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  •  REVIEW: THE CONSTANT GARDENER

    The Constant Gardener

    Spy, the beloved country

    Espionage and corporate intrigue go to Africa in "The Constant Gardener," a sometimes-strong, sometimes-overearnest thriller based on a John le Carr̩ novel and made by the co-director of "City of God."

    By JOSHUA TANZER
    Offoffoff.com

    The way Justin and Tessa meet is kind of like the way "The Constant Gardener" comes across. He's giving a lecture (a boring one, as he later admits) on world affairs, and she stands up to give a rant (a rude one, as she later admits) against the Iraq war. Regardless of their merits on the facts, the lecture, the diatribe and the movie itself teeter on the balance between saying something meaningful and spouting self-righteous opinions.

      
    THE CONSTANT GARDENER
    Directed by: Fernando Meirelles.
    Written by: Jeffrey Caine.
    Adapted from a novel by: John Le Carr•À¸.
    Cast: Ralph Fiennes, Rachel Weisz, Hubert Kound•À¸, Danny Huston, Daniele Harford, Bill Nighy, Keith Pearson, Donald Sumpter, Archie Panjabi, Nick Reding, Gerard McSorley, Juliet Aubrey, Pete Postlethwaite, Anneke Kim Sarnau.
    Cinematography: C•À¸sar Charlone.
    Edited by: Claire Simpson.

    Related links: Official site
    Justin and Tessa fall in love and get married, but not before he, a British diplomat, is assigned to Kenya.

    "Take me to Africa," she dares him in his study.

    "We hardly know each other," he objects, with accustomed propriety.

    "You can learn me," she says.

    It's not certain that he ever does "learn" her, even after the two are married and happily expecting their first child in Africa. While Justin serves Her Majesty all day, Tessa is off stirring up trouble that she barely tells him about. She's active with an international campaign to monitor drug companies' activities in the AIDS-stricken continent, and she keeps her husband largely in the dark about her activities. Justin's colleagues seem to know more about her secret life than he does, and they're rarely happy about what they know.

    The Constant Gardener  
    It takes a long, rather slow-moving time — and the openly foretold death of Tessa — for this John le CarrÌ©-penned caper to take off and reveal its intrigue-layered plot. Flushed out of the pocket by his suspicions that his own superiors had something to do with his wife's death, Justin goes underground to see what he can find out — a path that takes him through four countries and across the path of vengeful spies and murderous militias.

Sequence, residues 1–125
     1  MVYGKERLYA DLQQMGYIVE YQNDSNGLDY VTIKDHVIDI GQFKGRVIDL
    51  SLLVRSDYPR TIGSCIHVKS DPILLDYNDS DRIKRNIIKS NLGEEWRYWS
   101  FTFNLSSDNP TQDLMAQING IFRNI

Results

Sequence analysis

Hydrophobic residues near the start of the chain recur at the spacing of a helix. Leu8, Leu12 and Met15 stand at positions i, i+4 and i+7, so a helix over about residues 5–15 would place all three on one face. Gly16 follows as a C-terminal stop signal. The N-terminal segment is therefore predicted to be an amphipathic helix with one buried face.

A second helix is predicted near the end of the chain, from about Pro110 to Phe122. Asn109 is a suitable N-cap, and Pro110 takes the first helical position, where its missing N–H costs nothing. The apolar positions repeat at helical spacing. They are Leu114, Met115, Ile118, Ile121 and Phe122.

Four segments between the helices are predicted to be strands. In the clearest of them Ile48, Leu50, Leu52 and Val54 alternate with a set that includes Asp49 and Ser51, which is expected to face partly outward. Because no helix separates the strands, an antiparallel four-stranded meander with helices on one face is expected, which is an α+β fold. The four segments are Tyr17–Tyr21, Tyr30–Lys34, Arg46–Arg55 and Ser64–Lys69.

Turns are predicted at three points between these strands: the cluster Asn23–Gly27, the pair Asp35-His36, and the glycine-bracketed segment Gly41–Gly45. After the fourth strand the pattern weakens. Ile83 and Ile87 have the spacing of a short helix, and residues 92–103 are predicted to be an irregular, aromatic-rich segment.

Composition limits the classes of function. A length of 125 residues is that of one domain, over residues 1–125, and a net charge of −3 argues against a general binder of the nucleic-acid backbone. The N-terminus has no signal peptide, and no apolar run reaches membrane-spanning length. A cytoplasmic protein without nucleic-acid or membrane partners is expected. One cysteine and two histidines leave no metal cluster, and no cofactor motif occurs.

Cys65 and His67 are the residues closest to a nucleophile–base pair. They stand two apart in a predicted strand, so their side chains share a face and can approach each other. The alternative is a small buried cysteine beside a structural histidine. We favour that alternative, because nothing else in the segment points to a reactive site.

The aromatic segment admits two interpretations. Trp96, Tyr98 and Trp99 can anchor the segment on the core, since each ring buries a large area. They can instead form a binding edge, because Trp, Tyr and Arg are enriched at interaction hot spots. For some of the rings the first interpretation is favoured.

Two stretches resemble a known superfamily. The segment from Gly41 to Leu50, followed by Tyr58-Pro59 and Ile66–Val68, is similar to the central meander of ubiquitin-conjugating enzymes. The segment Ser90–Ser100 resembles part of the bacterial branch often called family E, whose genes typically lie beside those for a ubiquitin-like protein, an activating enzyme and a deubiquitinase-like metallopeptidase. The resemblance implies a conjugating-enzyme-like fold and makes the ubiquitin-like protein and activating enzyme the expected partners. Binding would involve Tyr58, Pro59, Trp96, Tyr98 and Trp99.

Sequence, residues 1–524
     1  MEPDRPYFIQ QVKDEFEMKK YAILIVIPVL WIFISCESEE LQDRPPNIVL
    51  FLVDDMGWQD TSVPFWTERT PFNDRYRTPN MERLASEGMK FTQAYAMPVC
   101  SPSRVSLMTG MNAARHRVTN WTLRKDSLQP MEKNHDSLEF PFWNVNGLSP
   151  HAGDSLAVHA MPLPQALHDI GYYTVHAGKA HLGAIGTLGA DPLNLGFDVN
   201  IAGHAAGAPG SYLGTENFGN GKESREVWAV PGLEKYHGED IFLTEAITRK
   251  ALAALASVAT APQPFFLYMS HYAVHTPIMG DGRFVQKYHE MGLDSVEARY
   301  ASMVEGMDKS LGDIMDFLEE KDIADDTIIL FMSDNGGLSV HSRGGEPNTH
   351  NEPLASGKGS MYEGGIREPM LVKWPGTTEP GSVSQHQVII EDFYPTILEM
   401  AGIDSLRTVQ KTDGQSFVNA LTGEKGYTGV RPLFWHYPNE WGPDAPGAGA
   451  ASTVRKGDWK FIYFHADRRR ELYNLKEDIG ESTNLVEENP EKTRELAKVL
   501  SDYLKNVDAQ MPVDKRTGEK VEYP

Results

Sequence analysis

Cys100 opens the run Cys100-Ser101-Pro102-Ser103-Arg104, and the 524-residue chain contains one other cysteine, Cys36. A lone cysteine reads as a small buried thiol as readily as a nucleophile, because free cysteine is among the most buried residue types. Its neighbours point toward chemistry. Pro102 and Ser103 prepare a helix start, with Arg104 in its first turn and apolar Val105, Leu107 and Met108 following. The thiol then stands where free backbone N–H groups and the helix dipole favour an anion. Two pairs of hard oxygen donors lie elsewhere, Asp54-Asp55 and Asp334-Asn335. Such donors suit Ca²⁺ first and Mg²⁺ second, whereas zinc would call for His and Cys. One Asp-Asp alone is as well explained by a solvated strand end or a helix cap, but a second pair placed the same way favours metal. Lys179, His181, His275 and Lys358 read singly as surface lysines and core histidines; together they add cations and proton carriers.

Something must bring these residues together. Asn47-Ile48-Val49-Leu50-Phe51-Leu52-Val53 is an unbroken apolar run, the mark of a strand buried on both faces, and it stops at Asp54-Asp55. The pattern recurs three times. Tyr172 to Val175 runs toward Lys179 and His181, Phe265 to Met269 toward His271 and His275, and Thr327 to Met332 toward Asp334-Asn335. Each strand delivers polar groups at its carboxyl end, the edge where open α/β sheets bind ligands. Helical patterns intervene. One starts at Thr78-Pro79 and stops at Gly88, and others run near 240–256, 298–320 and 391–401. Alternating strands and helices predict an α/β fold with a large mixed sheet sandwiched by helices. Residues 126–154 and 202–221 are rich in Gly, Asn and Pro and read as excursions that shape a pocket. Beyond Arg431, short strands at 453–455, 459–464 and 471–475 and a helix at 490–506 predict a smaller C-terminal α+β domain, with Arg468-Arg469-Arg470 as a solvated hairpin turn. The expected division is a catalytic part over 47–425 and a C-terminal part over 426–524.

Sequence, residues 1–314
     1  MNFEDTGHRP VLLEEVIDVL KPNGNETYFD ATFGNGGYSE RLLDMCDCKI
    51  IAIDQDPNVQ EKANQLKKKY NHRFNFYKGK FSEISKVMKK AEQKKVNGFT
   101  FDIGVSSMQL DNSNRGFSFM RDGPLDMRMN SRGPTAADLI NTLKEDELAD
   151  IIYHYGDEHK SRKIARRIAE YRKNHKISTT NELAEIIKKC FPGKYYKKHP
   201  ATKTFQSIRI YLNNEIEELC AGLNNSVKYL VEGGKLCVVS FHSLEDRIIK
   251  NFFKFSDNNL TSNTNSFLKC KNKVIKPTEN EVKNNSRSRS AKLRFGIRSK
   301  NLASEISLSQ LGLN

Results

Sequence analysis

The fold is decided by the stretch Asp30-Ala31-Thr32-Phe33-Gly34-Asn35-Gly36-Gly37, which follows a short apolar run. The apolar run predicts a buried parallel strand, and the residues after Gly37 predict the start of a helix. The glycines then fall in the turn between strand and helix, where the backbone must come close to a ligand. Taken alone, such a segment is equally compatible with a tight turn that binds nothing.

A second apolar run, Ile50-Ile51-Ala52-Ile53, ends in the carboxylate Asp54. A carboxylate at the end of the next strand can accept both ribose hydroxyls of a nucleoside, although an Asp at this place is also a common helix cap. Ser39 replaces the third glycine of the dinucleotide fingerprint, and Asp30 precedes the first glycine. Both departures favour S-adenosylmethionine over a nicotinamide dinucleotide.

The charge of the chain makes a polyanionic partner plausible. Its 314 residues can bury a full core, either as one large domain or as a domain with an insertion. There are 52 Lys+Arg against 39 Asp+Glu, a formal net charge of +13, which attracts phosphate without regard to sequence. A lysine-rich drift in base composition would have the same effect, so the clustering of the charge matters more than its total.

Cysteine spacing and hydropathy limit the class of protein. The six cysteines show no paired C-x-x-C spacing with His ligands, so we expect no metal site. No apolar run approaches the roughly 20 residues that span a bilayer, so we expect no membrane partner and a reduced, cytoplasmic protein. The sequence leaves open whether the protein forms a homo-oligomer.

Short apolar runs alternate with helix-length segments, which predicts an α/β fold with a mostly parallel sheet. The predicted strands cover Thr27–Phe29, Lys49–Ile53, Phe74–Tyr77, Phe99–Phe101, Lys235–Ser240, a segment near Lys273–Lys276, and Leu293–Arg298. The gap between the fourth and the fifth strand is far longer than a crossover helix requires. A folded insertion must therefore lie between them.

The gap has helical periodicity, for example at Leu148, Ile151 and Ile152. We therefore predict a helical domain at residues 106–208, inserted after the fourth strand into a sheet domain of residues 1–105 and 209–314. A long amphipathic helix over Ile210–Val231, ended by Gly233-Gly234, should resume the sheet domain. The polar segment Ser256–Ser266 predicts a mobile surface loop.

Packed with spy shenanigans, good-intentioned activists, bad drug companies and Third World awareness, "Constant Gardener" can be both as engaging and as overearnest as you might imagine. To the extent that the movie's issues are a genuine problem (and here's an article that says they are), there are a good number of scenes that make the point, sometimes memorably. Whether diplomats and their families and their friends are being assassinated at the drug companies' pleasure — well, okay, without that we wouldn't have a spy yarn, however plausible or not. Whether the things done right minus the things done poorly add up to a good movie, that's another question.

    It is a good movie, but far from a great one. Director Fernando Meirelles, who co-directed the amazing Brazilian film "City of God" (my No. 1 film of 2003), has added a little magic to "Constant Gardener," but it's a film that his talents may not have been ideally suited for. What he does provide really well is a sense of atmosphere whenever our Hollywood-star heroes find themselves out among real people. Meirelles's marketplaces crackle with chaotic populist energy as he punctuates scenes with rapid-cut glances at the people in the margins, who would just have been considered extras in any other director's movie. But this kind of special eye for the genuine color and personality of a people is not useful in the tastefully appointed offices and eating clubs of the powerful, where much of this film takes place.

      The Constant Gardener
    He's also stuck with a turn-down-the-intensity cast. Ralph Fiennes is a tightly controlled actor, and if his character feels sorrow or anger at the loss of his beloved wife, we barely know it. Rachel Weisz (who previously co-starred with Fiennes in the rather tedious "Sunshine") is appealing as Tessa, but a lot of her best stuff is away from Fiennes. And supporting actor Danny Huston, who seems ill at ease in most of his roles even when he doesn't have to affect a feeble British accent, has no chance in this one. So it's hard to ever really believe in the personalities at play here.

    So "Constant Gardener" becomes a slightly methodical piece of work — more a chess match than a soccer match. It has good ideas — when it lets them flow within the story instead of putting a polemic into a character's mouth. And it has a good heart — but a touch of ice water in its veins. It was worth seeing, but it would be nice to see Meirelles apply himself to looser, earthier, fleshier films in the future.

    SEPTEMBER 6, 2005
    OFFOFFOFF.COM • THE GUIDE TO ALTERNATIVE NEW YORK



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